Keeping New Year’s Health Resolutions
by David Dunaief
Jan 16, 2020 | 1875 views | 0 0 comments | 210 210 recommendations | email to a friend | print
Dr. David Dunaief is located in Downtown Brooklyn and focuses on the integration of medicine, nutrition, fitness and stress management.
Dr. David Dunaief is located in Downtown Brooklyn and focuses on the integration of medicine, nutrition, fitness and stress management.
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It is now mid-January, and most of us have made a New Year’s resolution – or many of them. You’ve taken the first step, but how do you increase the “stickiness factor,” a term used by Malcolm Gladwell in his book, The Tipping Point?

Setting a goal that is simple and singular helps. We often overdo it by focusing on multiple resolutions, like eating better, exercising more and sleeping better. While these are all admirable, their complexity diminishes your chances of success.

Instead, pick one to focus on and make the desired impact part of your goal. For example, improve health by losing weight and reversing disease.

Changing habits is always hard. There are some things that you can do to make it easier, though.

Your environment is very important. According to Dr. David Katz, director of the Yale Prevention Research Center, it is not as much about willpower as it is about your environment. Willpower, Dr. Katz writes, is analogous to holding your breath underwater; it is only effective for a short timeframe.

Thus, he suggests laying the groundwork by altering your environment to make it conducive to attaining your goals. Recognizing your obstacles and making plans to avoid or overcome them reduces stress and strain on your willpower.

According to a study, people with the most self-control utilize the least amount of willpower, because they take a proactive role in minimizing temptation. Start by changing the environment in your kitchen.

Support is another critical element. It can come from within, but it is best when reinforced by family members, friends and coworkers.

In my practice, I find that patients who are most successful with lifestyle changes are those where household members are encouraging or, even better, when they participate in at least some portion of the intervention, such as eating the same meals.

Automaticity: Forming New Habits

When does a change become a new habit? The rule of thumb used to be it takes approximately three weeks. However, the results of a study at the University of London showed that the time to form a habit, such as exercising, ranged from 18 to 254 days.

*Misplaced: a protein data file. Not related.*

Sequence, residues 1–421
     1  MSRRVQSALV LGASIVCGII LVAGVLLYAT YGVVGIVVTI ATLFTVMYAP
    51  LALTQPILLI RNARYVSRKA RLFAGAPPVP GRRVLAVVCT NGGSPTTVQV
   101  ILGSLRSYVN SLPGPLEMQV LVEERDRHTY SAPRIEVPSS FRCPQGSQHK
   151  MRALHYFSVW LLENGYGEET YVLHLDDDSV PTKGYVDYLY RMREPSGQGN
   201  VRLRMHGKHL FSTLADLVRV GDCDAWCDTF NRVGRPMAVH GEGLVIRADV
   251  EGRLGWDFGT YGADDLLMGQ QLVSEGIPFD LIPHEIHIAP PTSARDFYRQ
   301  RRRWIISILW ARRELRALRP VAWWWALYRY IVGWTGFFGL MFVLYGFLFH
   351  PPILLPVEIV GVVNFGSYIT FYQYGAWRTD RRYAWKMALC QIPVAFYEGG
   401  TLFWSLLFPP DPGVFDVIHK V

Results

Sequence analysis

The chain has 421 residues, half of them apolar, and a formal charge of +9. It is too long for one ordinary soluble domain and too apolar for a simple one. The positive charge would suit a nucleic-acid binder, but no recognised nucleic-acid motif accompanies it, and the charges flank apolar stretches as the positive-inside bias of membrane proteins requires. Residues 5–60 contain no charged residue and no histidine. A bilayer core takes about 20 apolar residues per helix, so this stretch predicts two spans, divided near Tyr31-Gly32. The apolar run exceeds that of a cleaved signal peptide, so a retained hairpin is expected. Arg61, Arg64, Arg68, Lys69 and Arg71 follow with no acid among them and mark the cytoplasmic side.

The good news is that, though there was a wide variance, the average time to reach this automaticity was 66 days, or about two months.

Lifestyle Modification: Choosing a Diet

US News and World Report released its annual ranking of diets last week. Three of the diets highlighted include the DASH (Dietary Approach to Stop Hypertension) diet, the Ornish diet and the Mediterranean diet. These were the top three for heart health.

The Mediterranean diet was ranked number one overall, and the DASH diet was ranked second. Both the Ornish and the DASH diets ranked in the top six for diabetes.

What do all of the top diets have in common? They focus on nutrient-dense foods. In fact, the lifestyle modifications I recommend are based on a combination of the top diets and the evidence-based medicine that supports them.

For instance, in a randomized cross-over trial, which means patients, after a prescribed time, can switch to the more effective group, showed that the DASH diet is not just for patients with high blood pressure.

The DASH diet was more efficacious than the control diet in terms of diabetes, weight loss, as well as in HDL (“good”) cholesterol, LDL (“bad”) cholesterol and blood pressure.

Interestingly, patients still lost weight, although caloric intake and the percentages of fats, protein and carbohydrates were the same between the DASH and control diets. However, the DASH diet used different sources of macronutrients.

The DASH diet also contained food with higher amounts of fiber, calcium and potassium and lower sodium.

Therefore, diets high in nutrient-dense foods may be an effective way to lose weight while treating and preventing disease.

I will share one more tip: take it day by day rather than obsessing on the larger picture. Health and weight loss can – and should – go together.

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